There are two common ways of measuring the size of an economy. They give quite different estimates of the EU’s share of the world economy: 16% or 22%, as of October 2017.
Both measures show that the EU’s share of the world economy is declining and expected to continue doing so. One unofficial forecast estimates the EU’s share (excluding the United Kingdom) could be 12% by 2030.
There are two main measures of GDP
One way is to look at the value of a country’s economic output (GDP), and see what it’s worth in US dollars (USD).
Using market exchange rates has the advantage of being quite simple (it’s like the exchange rates you use when going on holiday), but they’re not consistent over time. A country’s share of world GDP can move up or down quite suddenly if exchange rates change.
For instance, just because the UK sterling exchange rate fell suddenly on 24 June 2016 doesn’t mean that the UK’s economic output suddenly got smaller, even though it was worth less in US dollars.
So an alternative is to calculate GDP in terms of ‘Purchasing Power Parity’ (PPP).
This adjusts the figures to reflect different price levels around the world, and to account for how currency values have changed over time.
That solves the problems with the market exchange rates approach, but creates new ones too. One issue is that it involves many more assumptions and has the potential for errors.
The EU’s estimated share of world GDP is currently 16% or 22%
Looked at in terms of PPP, the EU’s share of world GDP in 2017 is around 16%, according to figures from the IMF. This measure includes the United Kingdom in the EU. Without the UK, the EU’s share would be roughly 14%.
This measure also shows that the EU’s share of the world economy has been steadily declining over time. It was 30% in 1980 and is expected to be 15% by 2022.
These historic figures include all states who are members of the EU today. So for example, although Spain and Portugal only became members later in the 1980s, the EU share of world GDP figure for 1980 includes their economies, as they are members today.
The IMF also has figures based on USD. This measure puts the EU’s share of world GDP at 22%.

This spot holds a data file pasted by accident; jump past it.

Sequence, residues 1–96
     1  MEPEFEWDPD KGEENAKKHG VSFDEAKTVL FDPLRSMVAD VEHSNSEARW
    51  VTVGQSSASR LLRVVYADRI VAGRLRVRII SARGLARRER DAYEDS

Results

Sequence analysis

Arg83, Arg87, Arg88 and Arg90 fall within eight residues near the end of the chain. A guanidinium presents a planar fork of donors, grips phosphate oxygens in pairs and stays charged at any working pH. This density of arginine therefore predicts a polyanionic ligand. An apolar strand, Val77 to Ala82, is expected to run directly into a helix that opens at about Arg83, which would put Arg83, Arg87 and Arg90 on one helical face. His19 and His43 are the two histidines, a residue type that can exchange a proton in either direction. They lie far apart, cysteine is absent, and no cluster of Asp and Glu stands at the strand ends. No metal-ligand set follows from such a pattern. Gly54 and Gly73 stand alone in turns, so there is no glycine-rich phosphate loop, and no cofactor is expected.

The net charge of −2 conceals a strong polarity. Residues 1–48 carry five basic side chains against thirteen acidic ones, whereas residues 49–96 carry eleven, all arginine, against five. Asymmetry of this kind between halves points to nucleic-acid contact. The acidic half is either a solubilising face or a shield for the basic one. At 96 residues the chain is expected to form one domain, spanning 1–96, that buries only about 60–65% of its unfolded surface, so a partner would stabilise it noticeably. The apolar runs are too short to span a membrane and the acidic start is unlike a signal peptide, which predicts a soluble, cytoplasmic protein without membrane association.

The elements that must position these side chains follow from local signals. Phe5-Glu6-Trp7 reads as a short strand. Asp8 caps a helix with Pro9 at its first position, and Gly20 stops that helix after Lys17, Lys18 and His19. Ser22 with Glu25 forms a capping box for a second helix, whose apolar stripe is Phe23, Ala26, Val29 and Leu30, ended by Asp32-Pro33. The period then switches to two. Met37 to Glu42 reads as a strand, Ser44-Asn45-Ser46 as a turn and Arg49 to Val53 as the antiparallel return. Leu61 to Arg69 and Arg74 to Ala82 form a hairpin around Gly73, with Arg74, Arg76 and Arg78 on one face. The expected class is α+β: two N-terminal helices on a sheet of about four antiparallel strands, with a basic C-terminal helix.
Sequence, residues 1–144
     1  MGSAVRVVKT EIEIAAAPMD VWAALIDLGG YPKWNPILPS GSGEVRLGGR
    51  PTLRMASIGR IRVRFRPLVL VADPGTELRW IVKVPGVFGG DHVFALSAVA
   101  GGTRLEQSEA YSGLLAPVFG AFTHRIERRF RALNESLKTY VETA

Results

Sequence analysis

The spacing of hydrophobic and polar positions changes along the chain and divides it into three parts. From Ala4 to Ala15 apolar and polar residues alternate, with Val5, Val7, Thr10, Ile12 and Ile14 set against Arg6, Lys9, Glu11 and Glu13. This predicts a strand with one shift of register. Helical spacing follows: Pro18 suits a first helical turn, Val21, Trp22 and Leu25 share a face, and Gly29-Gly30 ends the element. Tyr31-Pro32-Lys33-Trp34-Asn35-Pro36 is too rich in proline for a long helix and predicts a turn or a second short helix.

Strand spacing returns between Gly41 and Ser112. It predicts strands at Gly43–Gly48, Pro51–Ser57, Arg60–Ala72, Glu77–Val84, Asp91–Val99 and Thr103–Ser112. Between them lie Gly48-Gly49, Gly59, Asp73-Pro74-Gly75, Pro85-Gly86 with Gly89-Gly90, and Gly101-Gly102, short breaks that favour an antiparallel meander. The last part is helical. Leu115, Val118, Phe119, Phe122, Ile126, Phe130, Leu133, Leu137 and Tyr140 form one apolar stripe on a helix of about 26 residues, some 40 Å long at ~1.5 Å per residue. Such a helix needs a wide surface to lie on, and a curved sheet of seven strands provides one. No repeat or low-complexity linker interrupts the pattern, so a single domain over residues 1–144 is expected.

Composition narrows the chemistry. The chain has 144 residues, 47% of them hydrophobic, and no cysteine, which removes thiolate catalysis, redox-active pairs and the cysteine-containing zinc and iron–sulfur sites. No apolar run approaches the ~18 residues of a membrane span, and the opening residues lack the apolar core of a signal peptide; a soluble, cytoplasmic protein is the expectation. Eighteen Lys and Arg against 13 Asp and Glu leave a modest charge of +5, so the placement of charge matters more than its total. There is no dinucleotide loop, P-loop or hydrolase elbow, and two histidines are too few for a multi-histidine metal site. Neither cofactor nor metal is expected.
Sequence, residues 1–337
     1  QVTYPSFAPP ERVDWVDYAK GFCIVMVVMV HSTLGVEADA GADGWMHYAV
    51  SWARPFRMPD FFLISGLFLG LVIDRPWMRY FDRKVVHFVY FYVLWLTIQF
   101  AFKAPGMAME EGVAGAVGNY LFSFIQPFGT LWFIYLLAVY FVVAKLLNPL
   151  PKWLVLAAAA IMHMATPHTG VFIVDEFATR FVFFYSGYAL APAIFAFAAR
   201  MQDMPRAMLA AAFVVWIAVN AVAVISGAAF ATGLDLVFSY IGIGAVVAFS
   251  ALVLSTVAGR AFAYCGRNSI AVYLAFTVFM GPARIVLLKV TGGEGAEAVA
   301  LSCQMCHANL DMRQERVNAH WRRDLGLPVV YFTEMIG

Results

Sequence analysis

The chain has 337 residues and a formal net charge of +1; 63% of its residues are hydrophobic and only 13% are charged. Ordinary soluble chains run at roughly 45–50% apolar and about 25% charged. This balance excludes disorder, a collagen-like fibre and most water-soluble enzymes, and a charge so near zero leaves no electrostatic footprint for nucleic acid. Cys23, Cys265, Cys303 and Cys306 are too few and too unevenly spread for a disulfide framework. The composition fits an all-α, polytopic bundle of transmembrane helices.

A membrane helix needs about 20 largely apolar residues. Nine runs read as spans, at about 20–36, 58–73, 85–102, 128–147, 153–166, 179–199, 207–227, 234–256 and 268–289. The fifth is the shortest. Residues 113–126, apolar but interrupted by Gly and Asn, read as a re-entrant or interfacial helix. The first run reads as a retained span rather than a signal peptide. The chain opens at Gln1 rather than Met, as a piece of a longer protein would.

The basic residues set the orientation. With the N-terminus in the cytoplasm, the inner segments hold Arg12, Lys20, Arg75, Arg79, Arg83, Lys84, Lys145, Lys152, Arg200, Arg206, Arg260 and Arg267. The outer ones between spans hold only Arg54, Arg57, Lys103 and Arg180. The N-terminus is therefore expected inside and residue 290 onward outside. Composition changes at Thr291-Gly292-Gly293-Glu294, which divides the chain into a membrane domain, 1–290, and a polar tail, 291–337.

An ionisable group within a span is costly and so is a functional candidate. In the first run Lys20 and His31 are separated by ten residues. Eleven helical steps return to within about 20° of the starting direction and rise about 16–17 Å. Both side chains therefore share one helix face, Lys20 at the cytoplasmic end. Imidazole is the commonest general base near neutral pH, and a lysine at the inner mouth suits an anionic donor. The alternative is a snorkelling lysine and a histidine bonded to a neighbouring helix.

It shows a similar trend of the EU’s share declining over time – from 34% in 1980 to an expected 20% by 2022.This is not because the EU’s GDP is getting smaller (it has risen consistently over time). However, the rest of the world has grown faster.
It’s also likely that estimates for earlier years over-estimate the EU’s share of world GDP as only 146 countries were accounted for in 1980, compared to 190 for GDP estimates and 192 for PPP estimates in 2017.
Falling further by 2030
Estimates to 2030 and beyond were published by accounting firm PwC earlier this year, based on its own analysis.
Its estimates suggest that by 2030, the EU’s share of the global economy could be around 12%, based on PPP figures. This estimate assumes that the UK will not be a part of the EU then.
“The employment figures were excellent this week. The lowest unemployment since 1975.”
Nadhim Zahawi MP, 16 November 2017
It’s correct that the last time the unemployment rate was this low was in 1975.
The unemployment rate varies for different groups of people. For example, the unemployment rate for men is the same as the UK-wide total—4.3% and the lowest since 1975. For women it’s even lower, 4.2% and the joint-lowest it has been since records began in 1971.
11.9% of 16 to 24 year olds (either in work or looking for it) were unemployed during the same period. That figure includes full-time students looking for part-time work. It’s also the lowest it has been since 2004.
Unemployment measures people without a job who have been actively seeking work within the last four weeks and are available to start work within the next two weeks, or who have found a job and are waiting to start in the next two weeks.
These figures don’t tell us anything about “underemployment”. That’s the number of people seeking more hours, working no more than the maximum weekly working hours already, and able to work more within the next two weeks. We’ve written about this before here.